Fairness isn’t inconsistent with growth; it’s essential to it. The only way the economy can grow and create more jobs is if prosperity is more widely shared. The key reason why the recovery is so anemic is so much income and wealth are now concentrated at the top is America’s the vast middle class no longer has the purchasing power necessary to boost the economy. The richest 1 percent of Americans save about half their incomes, while most of the rest of us save between 6 and 10 percent. That shouldn’t be surprising. Being rich means you already have most of what you want and need. That second yacht isn’t nearly as exciting as was the first. It follows that when, as now, the top 1 percent rakes in more than 20 percent of total income — at least twice the share it had 30 years ago — there’s insufficient demand for all the goods and services the economy is capable of producing at or near full employment. And without demand, the economy doesn’t grow or generate nearly enough jobs.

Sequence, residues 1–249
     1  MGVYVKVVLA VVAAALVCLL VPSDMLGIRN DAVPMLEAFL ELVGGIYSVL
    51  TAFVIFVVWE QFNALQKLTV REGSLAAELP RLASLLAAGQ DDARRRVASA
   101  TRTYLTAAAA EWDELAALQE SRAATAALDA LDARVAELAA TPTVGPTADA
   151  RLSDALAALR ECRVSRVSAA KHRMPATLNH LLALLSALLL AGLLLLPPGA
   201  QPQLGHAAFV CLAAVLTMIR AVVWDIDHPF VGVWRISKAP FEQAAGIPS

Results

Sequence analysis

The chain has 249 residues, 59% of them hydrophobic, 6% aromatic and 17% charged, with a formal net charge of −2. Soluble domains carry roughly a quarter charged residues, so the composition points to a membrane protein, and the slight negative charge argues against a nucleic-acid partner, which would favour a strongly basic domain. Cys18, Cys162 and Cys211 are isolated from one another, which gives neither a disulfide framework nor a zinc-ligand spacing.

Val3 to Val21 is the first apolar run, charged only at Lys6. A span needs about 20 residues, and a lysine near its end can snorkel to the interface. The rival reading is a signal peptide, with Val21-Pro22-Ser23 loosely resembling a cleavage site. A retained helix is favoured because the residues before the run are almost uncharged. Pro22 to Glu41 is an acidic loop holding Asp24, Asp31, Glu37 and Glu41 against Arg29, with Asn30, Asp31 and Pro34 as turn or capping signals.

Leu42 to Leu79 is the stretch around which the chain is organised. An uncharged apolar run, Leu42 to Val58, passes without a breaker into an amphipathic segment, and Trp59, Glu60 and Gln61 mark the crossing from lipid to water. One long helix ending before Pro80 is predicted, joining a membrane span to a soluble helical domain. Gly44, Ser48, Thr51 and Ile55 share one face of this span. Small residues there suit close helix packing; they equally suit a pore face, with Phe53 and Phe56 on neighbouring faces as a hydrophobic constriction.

Read more from Robert Reich.

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Gene Perry worked for OK Policy from 2011 to 2019. He is a native Oklahoman and a citizen of the Cherokee Nation. He graduated from the University of Oklahoma with a B.A. in history and an M.A. in journalism.